Out of the three potential pilots on offer from Amazon “Originals” I Love Dick is the oddest. Adapted from the 1997 Chris Kraus “feminist” book of the same name, it is a compelling bit of “Chick Lit” turned into a small screen flick. (That will become a weekly series if approved.) At least one female reviewer waxed lyrical about the show’s poking fun at the artistic community.
Suffice to say that is only partly correct. Jill Soloway has focussed on the educated artistic community. The academic elite who masquerade their learned intelligence under a facade of high ideals and world travel.
“You know,” says Sylvere to a young woman dangling her bare feet in a fishpond, “in Japan there are koi ponds where the fish nibble the calluses right off your feet.” This line speaks volumes about the show and the characters in it.
While the academic author attempts to impress the young lady with his knowledge as a world traveller, he slips, ever so slightly, into vulgarity.
He need not have bothered.
This ginger-haired female knows of what he speaks. They have the same in Bali, she tells him. “Have you ever been,” she asks. Sylvere has not. (Not that one needs to, in Norwich, Norfolk in England there is a small mall that has these callus nibbling fish in a store. Presumably there are other places which also offer skin eating fish…)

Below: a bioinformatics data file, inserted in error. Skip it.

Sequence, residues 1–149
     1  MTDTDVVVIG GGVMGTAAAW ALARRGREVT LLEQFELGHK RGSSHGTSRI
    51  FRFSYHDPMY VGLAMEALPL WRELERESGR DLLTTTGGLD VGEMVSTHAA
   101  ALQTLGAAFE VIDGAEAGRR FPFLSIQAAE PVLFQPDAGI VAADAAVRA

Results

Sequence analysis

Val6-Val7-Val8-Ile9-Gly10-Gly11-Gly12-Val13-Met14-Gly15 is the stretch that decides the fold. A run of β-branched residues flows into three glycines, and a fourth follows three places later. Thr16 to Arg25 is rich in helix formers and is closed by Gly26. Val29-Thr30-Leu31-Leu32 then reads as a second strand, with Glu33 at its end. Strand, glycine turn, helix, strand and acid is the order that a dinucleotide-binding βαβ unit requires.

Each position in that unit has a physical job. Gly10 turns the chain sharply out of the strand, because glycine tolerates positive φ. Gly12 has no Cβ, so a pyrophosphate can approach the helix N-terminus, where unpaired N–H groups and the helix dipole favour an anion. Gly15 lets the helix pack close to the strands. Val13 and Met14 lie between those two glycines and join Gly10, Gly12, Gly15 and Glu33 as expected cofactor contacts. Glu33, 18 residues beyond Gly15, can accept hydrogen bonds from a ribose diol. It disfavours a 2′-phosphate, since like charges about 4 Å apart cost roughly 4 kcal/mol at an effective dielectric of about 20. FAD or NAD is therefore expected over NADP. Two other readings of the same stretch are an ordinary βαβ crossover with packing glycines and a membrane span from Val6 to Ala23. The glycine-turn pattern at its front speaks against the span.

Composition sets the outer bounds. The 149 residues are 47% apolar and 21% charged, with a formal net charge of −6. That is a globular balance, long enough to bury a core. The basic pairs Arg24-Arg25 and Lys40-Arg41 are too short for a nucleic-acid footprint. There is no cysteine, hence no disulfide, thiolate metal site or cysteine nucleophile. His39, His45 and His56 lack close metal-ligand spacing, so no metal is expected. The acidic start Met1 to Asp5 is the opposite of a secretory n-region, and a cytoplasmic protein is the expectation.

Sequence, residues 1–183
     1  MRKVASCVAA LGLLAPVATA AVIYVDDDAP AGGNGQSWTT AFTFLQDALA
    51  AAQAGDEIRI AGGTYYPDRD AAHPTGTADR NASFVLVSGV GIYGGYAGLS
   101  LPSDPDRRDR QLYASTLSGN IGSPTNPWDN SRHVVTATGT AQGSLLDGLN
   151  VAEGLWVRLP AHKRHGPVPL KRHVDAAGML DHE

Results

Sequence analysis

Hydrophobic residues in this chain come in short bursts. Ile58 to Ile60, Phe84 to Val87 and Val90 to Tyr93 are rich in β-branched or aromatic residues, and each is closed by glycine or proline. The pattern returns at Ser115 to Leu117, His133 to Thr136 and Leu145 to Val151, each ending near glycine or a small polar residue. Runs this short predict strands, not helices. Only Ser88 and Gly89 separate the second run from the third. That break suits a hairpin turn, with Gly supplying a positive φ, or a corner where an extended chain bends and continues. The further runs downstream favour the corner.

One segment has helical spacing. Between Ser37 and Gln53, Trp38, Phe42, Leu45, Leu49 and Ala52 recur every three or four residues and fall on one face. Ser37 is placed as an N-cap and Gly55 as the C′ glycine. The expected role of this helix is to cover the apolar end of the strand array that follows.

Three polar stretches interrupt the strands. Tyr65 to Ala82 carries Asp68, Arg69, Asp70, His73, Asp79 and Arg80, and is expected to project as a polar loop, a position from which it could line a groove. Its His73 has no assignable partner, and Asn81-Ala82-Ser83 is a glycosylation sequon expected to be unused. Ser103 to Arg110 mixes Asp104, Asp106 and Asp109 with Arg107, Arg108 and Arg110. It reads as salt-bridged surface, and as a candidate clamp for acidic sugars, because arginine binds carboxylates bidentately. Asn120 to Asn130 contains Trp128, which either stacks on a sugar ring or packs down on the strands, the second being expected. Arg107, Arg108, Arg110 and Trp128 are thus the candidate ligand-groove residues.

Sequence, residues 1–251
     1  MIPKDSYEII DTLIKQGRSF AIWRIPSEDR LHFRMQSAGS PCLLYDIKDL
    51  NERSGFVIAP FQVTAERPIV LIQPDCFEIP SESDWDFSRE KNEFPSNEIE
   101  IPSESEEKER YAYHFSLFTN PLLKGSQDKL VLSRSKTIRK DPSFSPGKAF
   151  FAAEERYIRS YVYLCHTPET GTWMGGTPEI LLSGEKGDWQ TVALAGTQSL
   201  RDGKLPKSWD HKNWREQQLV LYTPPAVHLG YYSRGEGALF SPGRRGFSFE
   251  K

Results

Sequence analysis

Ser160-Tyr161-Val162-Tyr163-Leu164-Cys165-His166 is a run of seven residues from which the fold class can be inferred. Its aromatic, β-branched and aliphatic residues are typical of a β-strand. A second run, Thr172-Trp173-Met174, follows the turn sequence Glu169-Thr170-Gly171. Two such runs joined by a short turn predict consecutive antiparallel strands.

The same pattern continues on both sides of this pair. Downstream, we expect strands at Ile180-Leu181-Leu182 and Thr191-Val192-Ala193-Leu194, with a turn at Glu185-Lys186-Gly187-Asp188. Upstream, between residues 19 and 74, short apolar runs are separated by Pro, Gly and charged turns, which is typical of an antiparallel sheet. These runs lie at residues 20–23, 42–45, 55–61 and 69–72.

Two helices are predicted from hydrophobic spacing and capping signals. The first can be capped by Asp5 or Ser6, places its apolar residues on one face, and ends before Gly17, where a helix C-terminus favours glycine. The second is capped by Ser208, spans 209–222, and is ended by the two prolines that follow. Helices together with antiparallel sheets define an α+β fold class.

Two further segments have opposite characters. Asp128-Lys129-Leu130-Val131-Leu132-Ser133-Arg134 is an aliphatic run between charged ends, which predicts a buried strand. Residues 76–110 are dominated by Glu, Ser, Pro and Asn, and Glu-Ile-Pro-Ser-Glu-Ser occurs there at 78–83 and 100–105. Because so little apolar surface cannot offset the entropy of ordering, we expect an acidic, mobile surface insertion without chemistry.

I Love Dick is a title that just hints at vulgarity. (One presumes that if Kraus were English the title would have been “I Love Willy” and the male object of her fascination would have been named the same.) It opens up possibilities before the first frame of the show is even seen.
Casting Hahn as Chris aids in this sexual connotation. The woman exudes sex from every pore. With her tousled look, sleepy eyes and bruised lips, Hahn seemingly advertises rampant libido.
The plot, in a nutshell, has a female filmmaker; Chris and her academic author husband; Sylvere plucked from their urban setting. He has been accepted as a “fellow” in Marfa, Texas, a retreat for artistic types. They go to the artistic community in the small Texas tow and it is a rural setting they are ill equipped to handle.
Chris’ short film, that was due to be shown at the Venice film festival (Italy not California.) it is withdrawn because of copyright issues with a song in the film. They attend a party and Chris locks eyes with Dick.
She is lost.
Apart from the “fish out of water” theme the pilot seems to deal with instant infatuation, obsession and those charismatic people who effortlessly capture our attention.
Chris is attracted to Dick instantly. She decides to stay in Marfa after the author not so subtly denigrates Chris as a filmmaker. After Dick’s initial interest, he now seems less than interested in Sylvere’s wife.
She does not notice.
I Love Dick is fascinating to watch. The imagery, the music and the bubbling sexual interest Chris has for Dick makes this show oddly compelling. It has to be said that the premise of the series, these “letters” to Dick, is less interesting than the trappings.
The music is almost hypnotizing and it fleshes out each scene to brilliant effect.
The pilot is free to watch on Amazon right now. It is competing against Jean-Claude Van Johnson and The Tick. Head over and watch all three and see what you think. Can I Love Dick work as a weekly series?
Amazon really wants to know and so do we. Tell us how you rate I Love Dick.